Don’t paper over this challenge

Don’t paper over this challenge

In Perspective

Foreign delegates take look on machinery at N J Stationary, in Mysuru

The growth of the paper industry in India is phenomenal, from just 17 paper mills in 1950-51, with an installed capacity of 1.37 lakh tons of paper every year to 14 million tons in 2018 with 750 mills. However, the industry is still not able to meet the rising demand, forcing us to import paper and paper products.

The Indian paper industry represents about 4% of world paper production, with an annual turnover of Rs 60,000 crore. Growing at about 7% annually, the Indian paper industry is facing multiple challenges in terms of sourcing raw material as well as upgrading technology to use less water to produce paper.

The global paper scenario is showing a steady increase in consumption, which is already more than 400 million tons annually. More than half of this consumption occurs in three countries -- China, the US and Japan. Surprisingly, the entire continent of Africa accounts for just 2% of global paper use. The planned expansion of the industry is taking place in Asia, putting enormous pressure on forest resources.

The average per capita consumption of paper in a year in India is about 13 kg, which is low compared to the world average of 57 kg, and over 300 kg in the advanced countries. Any increase in per capita consumption is bound to cause a serious shortage of paper.

The resource crunch can be addressed through increased use of recycled fibre. Already newsprint and packaging grades have more than 50% recycled material. But the printing and writing paper industry is using only 8% recycled raw material.

Natural forests are converted for supplying raw material to the paper industry and that has become the main driver of deforestation. The industry needs to charter a different path, avoiding the use of virgin fibre and sourcing it from alternative sources. India is a fibre deficient country, forcing us to import raw materials. This leads to higher cost of production.

With 0% import duty on newsprint, it was cheaper to import than to produce our own newsprint, until the Centre imposed a 10% customs duty.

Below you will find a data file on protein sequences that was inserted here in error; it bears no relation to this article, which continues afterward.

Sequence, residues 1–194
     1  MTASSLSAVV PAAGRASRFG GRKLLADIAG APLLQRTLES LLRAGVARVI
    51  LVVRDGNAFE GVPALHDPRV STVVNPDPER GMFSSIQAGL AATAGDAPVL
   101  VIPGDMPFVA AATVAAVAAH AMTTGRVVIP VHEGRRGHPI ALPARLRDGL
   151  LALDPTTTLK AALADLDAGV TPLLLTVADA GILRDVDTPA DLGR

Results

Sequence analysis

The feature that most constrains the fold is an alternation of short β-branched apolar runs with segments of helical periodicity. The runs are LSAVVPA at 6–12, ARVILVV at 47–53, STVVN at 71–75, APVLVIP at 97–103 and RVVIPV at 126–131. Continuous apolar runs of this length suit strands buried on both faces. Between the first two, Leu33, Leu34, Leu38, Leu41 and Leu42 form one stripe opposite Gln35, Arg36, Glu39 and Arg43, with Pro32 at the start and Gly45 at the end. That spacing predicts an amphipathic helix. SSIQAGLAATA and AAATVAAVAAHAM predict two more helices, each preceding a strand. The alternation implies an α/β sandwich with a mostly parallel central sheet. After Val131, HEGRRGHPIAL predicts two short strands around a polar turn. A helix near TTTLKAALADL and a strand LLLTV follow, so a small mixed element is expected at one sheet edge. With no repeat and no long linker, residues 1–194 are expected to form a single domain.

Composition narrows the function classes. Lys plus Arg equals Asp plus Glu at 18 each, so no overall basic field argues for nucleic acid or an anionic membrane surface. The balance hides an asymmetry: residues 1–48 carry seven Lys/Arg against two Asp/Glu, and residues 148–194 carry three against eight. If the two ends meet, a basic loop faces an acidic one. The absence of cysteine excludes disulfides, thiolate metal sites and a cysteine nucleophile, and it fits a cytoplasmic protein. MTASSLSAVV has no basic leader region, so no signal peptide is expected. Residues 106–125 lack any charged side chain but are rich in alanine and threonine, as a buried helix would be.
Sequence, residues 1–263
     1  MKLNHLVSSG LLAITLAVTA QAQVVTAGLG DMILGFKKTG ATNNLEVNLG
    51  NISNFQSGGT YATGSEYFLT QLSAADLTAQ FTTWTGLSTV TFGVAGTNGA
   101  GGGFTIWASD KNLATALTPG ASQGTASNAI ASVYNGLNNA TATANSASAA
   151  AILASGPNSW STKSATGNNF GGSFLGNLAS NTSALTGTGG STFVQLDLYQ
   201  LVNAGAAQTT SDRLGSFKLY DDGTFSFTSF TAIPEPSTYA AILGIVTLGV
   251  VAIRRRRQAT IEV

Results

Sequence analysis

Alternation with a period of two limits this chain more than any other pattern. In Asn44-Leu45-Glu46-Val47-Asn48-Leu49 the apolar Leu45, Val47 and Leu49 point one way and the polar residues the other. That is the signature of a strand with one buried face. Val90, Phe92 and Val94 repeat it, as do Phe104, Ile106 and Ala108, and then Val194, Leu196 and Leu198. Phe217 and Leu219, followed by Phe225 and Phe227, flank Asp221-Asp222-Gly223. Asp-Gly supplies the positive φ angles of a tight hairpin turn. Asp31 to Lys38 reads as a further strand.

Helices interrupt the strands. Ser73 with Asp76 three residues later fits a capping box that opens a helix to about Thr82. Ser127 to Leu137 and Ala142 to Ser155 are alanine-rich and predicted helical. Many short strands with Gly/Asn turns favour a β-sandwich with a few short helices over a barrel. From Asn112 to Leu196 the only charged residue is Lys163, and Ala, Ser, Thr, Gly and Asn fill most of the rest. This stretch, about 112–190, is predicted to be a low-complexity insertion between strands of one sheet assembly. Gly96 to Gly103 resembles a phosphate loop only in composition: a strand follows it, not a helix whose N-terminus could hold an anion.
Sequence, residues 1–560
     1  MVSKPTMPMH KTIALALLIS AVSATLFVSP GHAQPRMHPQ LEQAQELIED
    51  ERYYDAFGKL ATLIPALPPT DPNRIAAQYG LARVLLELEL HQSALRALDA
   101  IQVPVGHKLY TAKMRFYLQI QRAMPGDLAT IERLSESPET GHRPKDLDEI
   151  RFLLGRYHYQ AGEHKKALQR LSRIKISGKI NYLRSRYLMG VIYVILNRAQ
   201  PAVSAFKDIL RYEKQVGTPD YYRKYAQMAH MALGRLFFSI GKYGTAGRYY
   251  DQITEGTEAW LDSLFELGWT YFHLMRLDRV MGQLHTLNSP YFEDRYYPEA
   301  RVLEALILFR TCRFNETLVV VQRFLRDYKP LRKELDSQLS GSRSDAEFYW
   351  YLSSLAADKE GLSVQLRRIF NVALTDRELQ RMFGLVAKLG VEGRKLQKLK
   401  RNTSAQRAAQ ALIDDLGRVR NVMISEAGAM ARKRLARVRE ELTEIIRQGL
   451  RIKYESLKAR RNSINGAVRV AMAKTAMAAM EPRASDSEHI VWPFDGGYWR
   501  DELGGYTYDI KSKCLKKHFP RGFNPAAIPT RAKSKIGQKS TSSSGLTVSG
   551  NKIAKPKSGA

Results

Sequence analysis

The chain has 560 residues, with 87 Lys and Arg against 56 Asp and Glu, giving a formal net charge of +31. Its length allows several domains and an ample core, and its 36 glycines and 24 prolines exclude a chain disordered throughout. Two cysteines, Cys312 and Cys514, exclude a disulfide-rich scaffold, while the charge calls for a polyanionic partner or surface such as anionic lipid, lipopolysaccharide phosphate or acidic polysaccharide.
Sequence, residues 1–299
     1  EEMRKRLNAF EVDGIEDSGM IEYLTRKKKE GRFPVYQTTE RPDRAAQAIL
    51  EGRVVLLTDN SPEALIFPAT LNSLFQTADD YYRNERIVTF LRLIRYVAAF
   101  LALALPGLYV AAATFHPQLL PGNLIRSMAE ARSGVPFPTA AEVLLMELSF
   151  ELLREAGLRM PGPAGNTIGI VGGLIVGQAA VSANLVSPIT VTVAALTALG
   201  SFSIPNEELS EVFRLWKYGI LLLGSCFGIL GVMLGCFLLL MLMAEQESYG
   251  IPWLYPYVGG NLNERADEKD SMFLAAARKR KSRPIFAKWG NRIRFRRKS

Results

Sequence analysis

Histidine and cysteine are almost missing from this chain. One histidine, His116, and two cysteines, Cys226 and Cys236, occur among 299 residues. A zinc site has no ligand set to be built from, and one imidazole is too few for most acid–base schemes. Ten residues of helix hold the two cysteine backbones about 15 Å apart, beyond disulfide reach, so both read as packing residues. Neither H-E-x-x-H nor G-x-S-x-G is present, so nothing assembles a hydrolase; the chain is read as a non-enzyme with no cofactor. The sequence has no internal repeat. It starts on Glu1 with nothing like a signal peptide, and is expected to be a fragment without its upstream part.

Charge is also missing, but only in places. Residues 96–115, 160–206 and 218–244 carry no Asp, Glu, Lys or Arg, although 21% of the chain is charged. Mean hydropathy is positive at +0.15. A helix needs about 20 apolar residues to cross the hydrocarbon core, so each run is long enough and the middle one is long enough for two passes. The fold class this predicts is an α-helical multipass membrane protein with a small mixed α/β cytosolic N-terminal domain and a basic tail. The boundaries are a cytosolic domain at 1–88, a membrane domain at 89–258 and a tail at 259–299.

There are increasing conflicts with indigenous communities in the regions from where the paper industry is sourcing raw material from the forests and community areas. The large extent of monoculture eucalyptus plantations is leading to negative consequences on ecology and communities.  

The enormous quantity of raw material in the form of wood, pulp and freshwater put pressure on the scarce natural resources like forests and rivers. The outdated technology and non-functioning of the effluent treatment plants create large amounts of solid and water wastes.

Paper industries are one of the biggest polluters and they use a heavy amount of freshwater from natural sources like rivers and reservoirs. In order to manufacture one A4 sheet of paper, about 20 litres of freshwater is required. The chemical-intensive process creates toxic effluents that pollute the rivers, harm ecosystems, and enter the food chain via aquatic resources like fish.

Paper mills also release air pollutants in the form of nitrogen and sulphur oxides that have a negative impact on public health.

The example of Kali River in Dandeli, Uttara Kannada, is living testimony. The West Coast Paper Mill dumps hazardous chemicals and water wastes into Kali with a negative impact on the downstream, as well as causing air pollution.

In addition to this, the industry has substantial climate change impacts from the stages of sourcing its raw materials from the forests to production that leads to an increase in emission of greenhouse gas.

Technology upgradation and instalment of pollution control measures will pave the way towards the production of paper lifecycles that have less climate change impacts as well as reduction of pollution.

However, this is bound to increase production costs impacting on the competitiveness of the industry in the international market. This is one of the main reasons for non-compliance of pollution control laws and modernization of technology in the paper industry in India.

The lifestyle changes and increased number of people joining the ranks of the middle class is bound to increase demand for paper. Increase of 1 kg consumption per person results in an increase in the demand by one million tons of paper.

How will our paper industry meet this demand? As most of our natural forests are depleted, we need to look for alternative sources to provide raw material, either reused paper or plant-based waste materials.

 Unfortunately, these mills are not suited to use recycled material as it requires advanced technologies. For example, these mills use 250 cubic meters of water to produce one ton of paper in comparison to 28 cubic meters in advanced countries.

 Obviously, upgrading paper mills require a huge investment in capital, energy, pollution control equipment and adaptation to alternative sources of raw material like bagasse, a by-product from sugar mills.

Is the paper industry willing to address these multiple challenges and still supply the most essential product to people in a sustainable way?